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Text by Sophie PILGRIM

Latest update : 2011-04-08

Nicolas Sarkozy has transformed France from one-time vociferous pacifist to one of the West's eagerest warmongers. He says his actions are in the name of democracy, but political analysts believe those same actions could come back to haunt him.

In January this year, French president Nicolas Sarkozy told a roomful of journalists: “A colonial power – even after several decades – is never justified in making a judgment on the internal affairs of its former colony – and you know it, and everybody knows it.”  

He was talking about Tunisia then. But two months later, the president has unashamedly changed tack. On Tuesday night, French forces attacked the presidential palace of another of its former colonies, Ivory Coast.  

The operation is part of a UN peacekeeping mission – to which, according to Ban Ki-moon, President Sarkozy “responded positively”. The Elysee Palace released a statement Monday insisting that the operation was intended to “neutralise” heavy weapons belonging to troops loyal to incumbent president Laurent Gbagbo - who refuses to give up the presidency to internationally recognised election winner Alassane Ouattara.

The mission came just after France joined a coalition of armed forces against the Gaddafi regime in Libya (a former Italian colony). But that itself followed a dire diplomatic start to the year, after which France was criticised for dithering over Tunisia and Egypt, as the masses fought for democracy there.

Ulterior motive?
With Sarkozy’s approval ratings at an all-time low just a year before the next presidential election, some of his opponents have suggested that the French president’s enthusiasm for war could be part of a strategy to boost his dwindling reputation.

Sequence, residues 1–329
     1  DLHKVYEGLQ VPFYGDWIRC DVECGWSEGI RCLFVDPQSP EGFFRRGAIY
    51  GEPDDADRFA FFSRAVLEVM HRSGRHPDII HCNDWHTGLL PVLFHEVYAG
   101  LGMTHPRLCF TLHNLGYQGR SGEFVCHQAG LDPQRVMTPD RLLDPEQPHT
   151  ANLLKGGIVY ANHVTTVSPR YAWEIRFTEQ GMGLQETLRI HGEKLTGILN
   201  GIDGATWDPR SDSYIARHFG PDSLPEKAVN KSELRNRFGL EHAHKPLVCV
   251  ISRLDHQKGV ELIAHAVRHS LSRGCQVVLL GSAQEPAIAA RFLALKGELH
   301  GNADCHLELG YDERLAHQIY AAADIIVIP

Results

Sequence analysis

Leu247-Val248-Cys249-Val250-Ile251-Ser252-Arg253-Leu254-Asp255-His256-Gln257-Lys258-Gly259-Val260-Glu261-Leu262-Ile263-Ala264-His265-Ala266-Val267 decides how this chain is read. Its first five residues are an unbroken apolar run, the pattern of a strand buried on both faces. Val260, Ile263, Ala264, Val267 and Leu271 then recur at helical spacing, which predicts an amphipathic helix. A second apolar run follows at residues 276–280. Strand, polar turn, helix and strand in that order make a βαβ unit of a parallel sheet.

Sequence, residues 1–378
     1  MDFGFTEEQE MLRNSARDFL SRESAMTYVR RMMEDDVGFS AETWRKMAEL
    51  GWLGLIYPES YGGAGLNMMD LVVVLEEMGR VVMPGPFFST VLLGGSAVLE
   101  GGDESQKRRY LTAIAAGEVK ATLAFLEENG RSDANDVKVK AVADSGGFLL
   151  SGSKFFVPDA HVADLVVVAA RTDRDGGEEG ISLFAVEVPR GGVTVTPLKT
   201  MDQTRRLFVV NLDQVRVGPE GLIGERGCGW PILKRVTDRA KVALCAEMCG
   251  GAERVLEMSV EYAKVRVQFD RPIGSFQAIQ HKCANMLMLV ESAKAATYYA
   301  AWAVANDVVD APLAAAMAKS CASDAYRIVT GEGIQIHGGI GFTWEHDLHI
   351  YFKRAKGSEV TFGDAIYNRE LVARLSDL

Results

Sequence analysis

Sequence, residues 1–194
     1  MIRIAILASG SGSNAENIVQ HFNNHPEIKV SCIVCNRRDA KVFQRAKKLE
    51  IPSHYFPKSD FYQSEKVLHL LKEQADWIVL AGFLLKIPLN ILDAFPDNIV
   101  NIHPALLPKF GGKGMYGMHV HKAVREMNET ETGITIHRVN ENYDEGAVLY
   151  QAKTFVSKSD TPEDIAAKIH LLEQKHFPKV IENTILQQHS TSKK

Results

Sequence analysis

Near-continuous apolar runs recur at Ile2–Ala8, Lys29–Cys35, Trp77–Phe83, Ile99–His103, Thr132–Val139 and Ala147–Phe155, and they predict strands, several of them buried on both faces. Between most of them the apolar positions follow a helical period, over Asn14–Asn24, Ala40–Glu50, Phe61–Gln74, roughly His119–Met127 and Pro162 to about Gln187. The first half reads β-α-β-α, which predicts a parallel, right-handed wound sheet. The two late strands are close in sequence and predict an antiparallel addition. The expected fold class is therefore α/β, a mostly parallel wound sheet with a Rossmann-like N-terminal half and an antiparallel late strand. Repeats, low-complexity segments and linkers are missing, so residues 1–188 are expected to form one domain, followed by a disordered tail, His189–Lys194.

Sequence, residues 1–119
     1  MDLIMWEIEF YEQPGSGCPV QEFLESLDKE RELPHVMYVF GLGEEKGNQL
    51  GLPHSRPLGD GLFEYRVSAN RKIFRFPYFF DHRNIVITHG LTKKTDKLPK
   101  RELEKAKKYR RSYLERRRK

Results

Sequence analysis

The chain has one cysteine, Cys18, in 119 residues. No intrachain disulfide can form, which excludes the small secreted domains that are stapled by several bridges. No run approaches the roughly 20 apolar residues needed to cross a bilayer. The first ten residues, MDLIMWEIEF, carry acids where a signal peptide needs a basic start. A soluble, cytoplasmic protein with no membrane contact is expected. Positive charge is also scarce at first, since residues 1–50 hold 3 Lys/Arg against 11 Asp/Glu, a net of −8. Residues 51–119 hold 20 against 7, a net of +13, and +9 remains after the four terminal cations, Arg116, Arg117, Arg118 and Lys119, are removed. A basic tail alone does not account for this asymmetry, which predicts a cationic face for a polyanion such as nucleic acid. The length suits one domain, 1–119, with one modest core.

In an interview with the New York Times, opposition member Didier Mathus said that Sarkozy “would declare a war every week” if he could, in order to stir up patriotism and boost his ratings.
 “I think it’s possible to say that’s he’s acting with the presidential election in mind,” Douglas Yates, a Paris-based researcher specialised in France-Africa relations, told FRANCE 24. “But he may also have been thinking about his international reputation. It’s clear that he was very embarrassed by the series of diplomatic failures in North Africa earlier this year.”
If Sarkozy is hoping to benefit from the “rally round the flag” syndrome, his strategy has yet to bring home any results. While approximately two-thirds of French people say they approve of France’s intervention in Libya, the president probably shouldn’t hold his breath waiting for news about his personal popularity boost.
“I don’t think it will improve his ratings,” says François Nectoux, a researcher in French international relations at Kingston University, London. “Even if it does, it will only be short-lived.”
Changing places
Nonetheless, the Sarkozy government was already taking credit for the situation in Ivory Coast before Gbagbo had even been deposed. On Tuesday, Prime Minister François Fillon told parliament that “France can be proud to have participated in the defence and expression of democracy in Ivory Coast.”

Nectoux believes that popularity at the polls is a supplementary advantage of waging war. “It’s not Sarkozy’s main objective,” he told FRANCE 24. “France wants to be seen as part of the goodies – the UN, the EU, the coalition in Libya – it wants to be seen at the front line fighting for human rights etc, not as a neo-colonialist”.

This is the same France that was resolute in its disapproval of the US-led invasion of Iraq eight years ago. Today, while Sarkozy strikes a gung-ho attitude to war, US President Barack Obama is being quietly congratulated for his prudence.

“France and the USA have swapped positions when it comes to going to war,” says Nectoux. “Like there was in Iraq, there is also a lot of trouble to come in both Ivory Coast and Libya, even once Gbagbo and Gaddafi have been gotten rid of. If a lot of civilians are killed, then Sarkozy will suffer, and massively.”

Date created : 2011-04-06


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